Posted By QEII National Trust | February 24, 2019

On what can only be described as a pearler of a day in the sunny beachside town of Mahia, the team from QEII National Trust busied themselves to officially open the new Mokotahi Hill track.

The track opening was highly anticipated by QEII and locals alike, with the new track boasting improved access to ensure that more people would be able to enjoy the track and the views it has to offer of the idyllic town of Mahia.

“The project to upgrade the Mokotahi Hill track and the journey that it has taken to get here goes well before my time at QEII” says QEII CEO, Mike Jebson. “Because of this, it felt right to have an event and invite everyone who has had a part in making this happen, our local landowners and, of course, Mahia locals”

The stunning weather, hitting highs of 32 degrees, contributed in bringing the crowds in to the event, with over 70 people in attendance, including local children from Te Kura Kaupapa Maori o Te Parehuia and Te Mahia School. The event began with QEII Regional Representative for Gisborne, Malcolm Rutherford, sharing his experiences throughout the process of upgrading the track and reflecting on the steps that it took to get to the finished track. Guests were also pleased to hear about the cultural significance of the hill and surrounding areas before a blessing from Arthur Williams.

“Mokotahi Hill was originally gifted to the trust by the Ormond family to ensure its long-term protection.” Rutherford says “no opening would be complete without a ribbon cutting. QEII always knew we wanted to have someone connected to the hill and its history cutting the ribbon and opening the track, so we were very happy when a representative of the Ormond family was put forward to do it”


Guests were invited to walk up the hill on the new track at their leisure, with archaeologist Kevin Jones gathering everyone halfway up the track to share stories about interesting archaeological finds during the upgrade process, and shared information on the middens and terraces on the hill.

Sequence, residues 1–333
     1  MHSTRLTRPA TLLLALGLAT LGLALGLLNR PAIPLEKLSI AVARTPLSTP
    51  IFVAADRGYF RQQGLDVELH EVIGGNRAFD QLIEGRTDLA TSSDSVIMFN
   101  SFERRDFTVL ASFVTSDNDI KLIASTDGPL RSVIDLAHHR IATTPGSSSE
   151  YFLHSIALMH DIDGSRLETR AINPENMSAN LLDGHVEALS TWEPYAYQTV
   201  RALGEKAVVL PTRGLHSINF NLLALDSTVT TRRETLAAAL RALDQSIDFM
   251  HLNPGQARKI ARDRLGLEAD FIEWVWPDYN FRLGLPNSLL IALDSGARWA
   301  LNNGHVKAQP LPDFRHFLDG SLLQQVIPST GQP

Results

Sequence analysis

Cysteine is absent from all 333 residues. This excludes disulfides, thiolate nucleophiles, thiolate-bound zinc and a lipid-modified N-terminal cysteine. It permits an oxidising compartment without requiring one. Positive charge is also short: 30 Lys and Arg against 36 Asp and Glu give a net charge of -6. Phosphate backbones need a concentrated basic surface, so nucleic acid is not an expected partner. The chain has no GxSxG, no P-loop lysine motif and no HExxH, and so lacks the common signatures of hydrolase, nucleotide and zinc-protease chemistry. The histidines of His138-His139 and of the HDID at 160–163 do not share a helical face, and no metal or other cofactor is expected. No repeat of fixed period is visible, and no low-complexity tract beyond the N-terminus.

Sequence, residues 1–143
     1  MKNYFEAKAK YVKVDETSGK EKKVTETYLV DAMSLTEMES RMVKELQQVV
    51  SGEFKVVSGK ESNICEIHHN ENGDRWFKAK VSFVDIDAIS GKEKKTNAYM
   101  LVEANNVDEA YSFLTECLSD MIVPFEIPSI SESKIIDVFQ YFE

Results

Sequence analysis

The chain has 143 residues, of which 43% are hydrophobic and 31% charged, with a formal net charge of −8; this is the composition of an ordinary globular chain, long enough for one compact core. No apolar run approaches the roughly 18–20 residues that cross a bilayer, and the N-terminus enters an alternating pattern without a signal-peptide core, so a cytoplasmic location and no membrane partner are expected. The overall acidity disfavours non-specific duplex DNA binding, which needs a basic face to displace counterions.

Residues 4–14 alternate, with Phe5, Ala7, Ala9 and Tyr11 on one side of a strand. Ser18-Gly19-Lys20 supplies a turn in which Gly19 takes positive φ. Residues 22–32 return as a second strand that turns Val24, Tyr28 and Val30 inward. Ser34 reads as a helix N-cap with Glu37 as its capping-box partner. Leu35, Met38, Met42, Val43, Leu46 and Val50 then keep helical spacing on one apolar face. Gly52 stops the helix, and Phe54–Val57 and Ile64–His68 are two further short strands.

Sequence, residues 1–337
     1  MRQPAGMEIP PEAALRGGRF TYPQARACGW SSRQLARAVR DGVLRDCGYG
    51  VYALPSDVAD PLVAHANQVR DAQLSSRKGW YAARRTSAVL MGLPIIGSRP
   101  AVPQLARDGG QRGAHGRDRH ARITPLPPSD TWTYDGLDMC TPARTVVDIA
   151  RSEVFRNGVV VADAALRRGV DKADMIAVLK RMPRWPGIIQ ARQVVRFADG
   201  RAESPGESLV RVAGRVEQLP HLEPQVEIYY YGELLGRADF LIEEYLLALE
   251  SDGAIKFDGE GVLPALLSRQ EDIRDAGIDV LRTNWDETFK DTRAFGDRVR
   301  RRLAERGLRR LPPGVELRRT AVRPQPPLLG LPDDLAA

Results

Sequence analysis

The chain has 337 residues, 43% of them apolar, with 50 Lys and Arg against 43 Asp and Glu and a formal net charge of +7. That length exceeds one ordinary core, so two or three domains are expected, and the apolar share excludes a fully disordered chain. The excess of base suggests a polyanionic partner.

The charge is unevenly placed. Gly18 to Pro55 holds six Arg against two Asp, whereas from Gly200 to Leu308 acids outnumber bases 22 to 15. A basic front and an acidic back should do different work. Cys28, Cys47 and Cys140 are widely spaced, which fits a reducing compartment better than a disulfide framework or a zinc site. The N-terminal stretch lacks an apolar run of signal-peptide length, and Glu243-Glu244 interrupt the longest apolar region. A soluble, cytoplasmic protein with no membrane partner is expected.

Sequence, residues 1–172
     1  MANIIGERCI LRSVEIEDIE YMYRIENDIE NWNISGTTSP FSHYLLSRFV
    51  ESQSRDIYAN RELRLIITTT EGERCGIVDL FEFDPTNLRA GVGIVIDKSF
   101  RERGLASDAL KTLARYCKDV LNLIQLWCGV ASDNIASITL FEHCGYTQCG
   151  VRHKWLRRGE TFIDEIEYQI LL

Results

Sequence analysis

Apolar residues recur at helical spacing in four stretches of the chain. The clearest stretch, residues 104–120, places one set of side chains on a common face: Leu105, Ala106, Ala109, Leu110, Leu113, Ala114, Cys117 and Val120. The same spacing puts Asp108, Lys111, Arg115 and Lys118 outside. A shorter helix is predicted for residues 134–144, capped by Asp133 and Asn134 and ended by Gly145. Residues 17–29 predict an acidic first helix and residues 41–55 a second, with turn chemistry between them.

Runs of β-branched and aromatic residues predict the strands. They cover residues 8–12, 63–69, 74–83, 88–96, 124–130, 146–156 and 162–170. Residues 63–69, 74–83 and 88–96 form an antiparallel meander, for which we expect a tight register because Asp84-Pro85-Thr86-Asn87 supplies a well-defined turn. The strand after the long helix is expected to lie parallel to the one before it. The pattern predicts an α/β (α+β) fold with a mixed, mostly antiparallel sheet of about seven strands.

“It was great to see how many people were keen to do the walk with us and learn a bit more about the history of Mokotahi Hill” says Rutherford.

After completing the climb up the widened track with over 250 new steps, the group reached the top of Mokotahi Hill. With panoramic views across Mahia Peninsula and views over to Cape Kidnappers on a clear day, the new track launch was a success with all guests, young and old alike with Pierre Vermunt taking the time to explain the landscape to us and sharing the stories that underpin the special relationship Ngati Rongomawahine has with the whales.

“The last section of the track is certainly the steepest, but the reward of the amazing view at the end is more than worth it” says QEII CEO Mike Jebson. “we hope that the new track will mean more people can experience this iconic New Zealand landmark and QEII will continue to work with local councils to ensure that it is maintained and remains protected for future generations to enjoy”

QEII wants more people to experience, appreciate and respect New Zealand’s diverse heritage by encouraging public access to land we own ourselves and where possible, land protected by other open space covenantors.


To find out how to get to Mokotahi Hill, or to find other protected places you can visit, go to our ‘Places to Visit’ page here.